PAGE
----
Considering only the next payment, both parties could just as easily have entered into a fixed-term contract for the outstanding futures contract. For subsequent payment, another futures contract whose terms are the same, i.e. the same nominal amount and fixed-for-floating, etc. The swap contract can therefore be considered as a series of futures contracts. In the end, there are two cash flows, one of the party that always pays a fixed rate on the nominal amount, the fixed part of the swap, the other by the party that agreed to pay the variable rate, the variable leg. Apart from Switzerland, the two countries most dependent on central bank foreign exchange swaps are the Netherlands and Germany. In both countries, short-term securities markets are extremely weak, but central banks rarely use foreign exchange swaps because they are more dependent on other open market instruments. In Germany, the Bundesbank has been using foreign exchange swaps since 1958. In the first ten years, it used contract swaps to influence both the domestic money market and stimulate short-term foreign investment through attractive swap rates.
Beginning in the late 1960s, swaps were mainly driven by attempts to calm the international monetary situation and boost confidence in the dollar parity. It is only since 1979 that foreign exchange swaps have been used to “refine” the money market. A swap is a derivative contract in which two parties exchange the cash flows or liabilities of two different financial instruments. Most swaps include cash flows based on fictitious capital such as a loan or loan, although the instrument can be almost anything. In general, the manager does not change ownership. Each cash flow includes a portion of the swap. Cash flows are usually fixed, while the other is variable and is based on a reference rate, a variable exchange rate or an index price. In summary, the use of foreign exchange swaps is in a situation where capital inflows are short-term.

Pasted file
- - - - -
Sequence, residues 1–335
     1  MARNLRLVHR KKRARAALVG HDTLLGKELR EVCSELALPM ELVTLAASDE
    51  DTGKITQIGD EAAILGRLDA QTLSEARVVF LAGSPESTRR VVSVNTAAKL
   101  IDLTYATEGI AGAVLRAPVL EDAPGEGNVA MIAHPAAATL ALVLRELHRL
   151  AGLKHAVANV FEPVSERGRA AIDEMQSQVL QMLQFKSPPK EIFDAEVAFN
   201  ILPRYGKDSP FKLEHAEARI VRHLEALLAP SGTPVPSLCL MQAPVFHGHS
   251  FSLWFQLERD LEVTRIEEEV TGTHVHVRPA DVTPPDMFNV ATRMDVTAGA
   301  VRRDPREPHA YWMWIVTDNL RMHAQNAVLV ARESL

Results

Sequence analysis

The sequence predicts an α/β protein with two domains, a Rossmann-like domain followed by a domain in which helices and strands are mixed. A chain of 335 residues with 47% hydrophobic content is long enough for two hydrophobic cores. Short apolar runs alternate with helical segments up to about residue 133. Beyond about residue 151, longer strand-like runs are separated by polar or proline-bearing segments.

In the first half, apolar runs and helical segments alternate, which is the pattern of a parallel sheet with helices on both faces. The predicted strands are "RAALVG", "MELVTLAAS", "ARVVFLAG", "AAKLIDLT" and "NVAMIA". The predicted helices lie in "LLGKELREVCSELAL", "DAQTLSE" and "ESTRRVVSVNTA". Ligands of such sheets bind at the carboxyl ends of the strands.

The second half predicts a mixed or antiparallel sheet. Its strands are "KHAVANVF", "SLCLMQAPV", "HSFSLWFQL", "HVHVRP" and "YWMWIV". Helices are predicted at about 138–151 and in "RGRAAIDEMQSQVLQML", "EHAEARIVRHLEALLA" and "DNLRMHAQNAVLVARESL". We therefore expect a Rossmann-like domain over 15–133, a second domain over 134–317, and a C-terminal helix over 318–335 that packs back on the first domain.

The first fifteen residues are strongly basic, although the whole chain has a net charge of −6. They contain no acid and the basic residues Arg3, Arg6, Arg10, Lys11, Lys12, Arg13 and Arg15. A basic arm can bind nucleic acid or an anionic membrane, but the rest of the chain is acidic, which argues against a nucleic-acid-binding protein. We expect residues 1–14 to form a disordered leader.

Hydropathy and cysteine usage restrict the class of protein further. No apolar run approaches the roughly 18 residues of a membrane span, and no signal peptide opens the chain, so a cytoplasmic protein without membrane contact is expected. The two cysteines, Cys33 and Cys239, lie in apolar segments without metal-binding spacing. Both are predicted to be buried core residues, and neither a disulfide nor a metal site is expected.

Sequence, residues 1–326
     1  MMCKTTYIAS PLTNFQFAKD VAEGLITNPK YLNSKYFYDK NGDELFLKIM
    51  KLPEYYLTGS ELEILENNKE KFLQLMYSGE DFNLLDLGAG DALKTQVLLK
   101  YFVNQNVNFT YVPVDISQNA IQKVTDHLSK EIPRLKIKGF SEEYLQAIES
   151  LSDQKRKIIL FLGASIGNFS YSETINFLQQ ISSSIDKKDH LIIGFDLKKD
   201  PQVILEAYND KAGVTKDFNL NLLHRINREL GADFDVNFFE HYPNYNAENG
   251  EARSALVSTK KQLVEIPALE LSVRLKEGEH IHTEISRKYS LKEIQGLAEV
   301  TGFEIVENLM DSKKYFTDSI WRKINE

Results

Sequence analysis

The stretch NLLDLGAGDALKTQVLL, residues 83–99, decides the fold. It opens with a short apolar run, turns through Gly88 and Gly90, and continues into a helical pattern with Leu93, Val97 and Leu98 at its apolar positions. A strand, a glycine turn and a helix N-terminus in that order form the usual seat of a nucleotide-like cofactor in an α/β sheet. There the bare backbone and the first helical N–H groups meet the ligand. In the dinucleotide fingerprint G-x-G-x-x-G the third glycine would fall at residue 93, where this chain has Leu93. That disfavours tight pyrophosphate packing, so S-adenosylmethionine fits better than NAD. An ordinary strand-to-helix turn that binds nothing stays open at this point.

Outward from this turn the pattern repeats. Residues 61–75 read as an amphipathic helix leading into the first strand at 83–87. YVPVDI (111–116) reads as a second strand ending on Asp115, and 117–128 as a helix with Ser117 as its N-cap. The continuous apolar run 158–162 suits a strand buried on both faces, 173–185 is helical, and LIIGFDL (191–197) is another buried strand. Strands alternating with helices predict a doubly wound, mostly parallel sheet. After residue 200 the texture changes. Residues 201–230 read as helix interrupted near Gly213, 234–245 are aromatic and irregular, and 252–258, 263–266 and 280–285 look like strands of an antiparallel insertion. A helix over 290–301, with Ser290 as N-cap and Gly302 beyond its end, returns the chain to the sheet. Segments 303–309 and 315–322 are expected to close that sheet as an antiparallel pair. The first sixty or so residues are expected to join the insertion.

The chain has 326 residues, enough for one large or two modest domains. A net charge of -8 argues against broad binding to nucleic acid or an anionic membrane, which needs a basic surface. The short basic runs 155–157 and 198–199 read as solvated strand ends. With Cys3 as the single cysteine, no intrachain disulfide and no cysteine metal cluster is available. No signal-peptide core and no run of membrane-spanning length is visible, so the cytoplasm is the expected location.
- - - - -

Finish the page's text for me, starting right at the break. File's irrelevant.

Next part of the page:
But they also have an expansionary monetary effect that must be sterilized; In the absence of an asset futures market, the central bank must set an exchange rate that can have negative signal effects. If the country is going through a severe crisis, the use of swaps to temporarily increase gross foreign exchange reserves will only delay the necessary adjustment. And above all, if the central bank cannot hedge its position (as in times of speculation against the currency), it can suffer exchange rate losses. In Argentina, these negative effects clearly outweighed profits. However, there are examples of countries (such as Korea) that do not appear to have particularly detrimental effects, so the instrument cannot be clearly considered unsatisfactory. Unlike the parallel credit structure used at the time, the first formal foreign exchange swap was settled by Citicorp International Bank for a 10-year sterling swap in $US $100,000 between Mobil Oil Corporation and General Electric Corporation Ltd (UK). The concept of interest rate swap was developed by the Citicorp International Swap, but cross-interest rate swaps were introduced in 1981 by the World Bank to obtain the Swiss franc and German mark by exchanging cash flows with IBM. This agreement was negotiated by Salomon Brothers for a nominal amount of $210 million and a term of more than ten years.
 Generic types of swaps, classified according to their quantitative importance, are interest rate swaps, core swaps, money swaps, inflation swaps, credit risk swaps, commodity swaps and equity swaps. . . .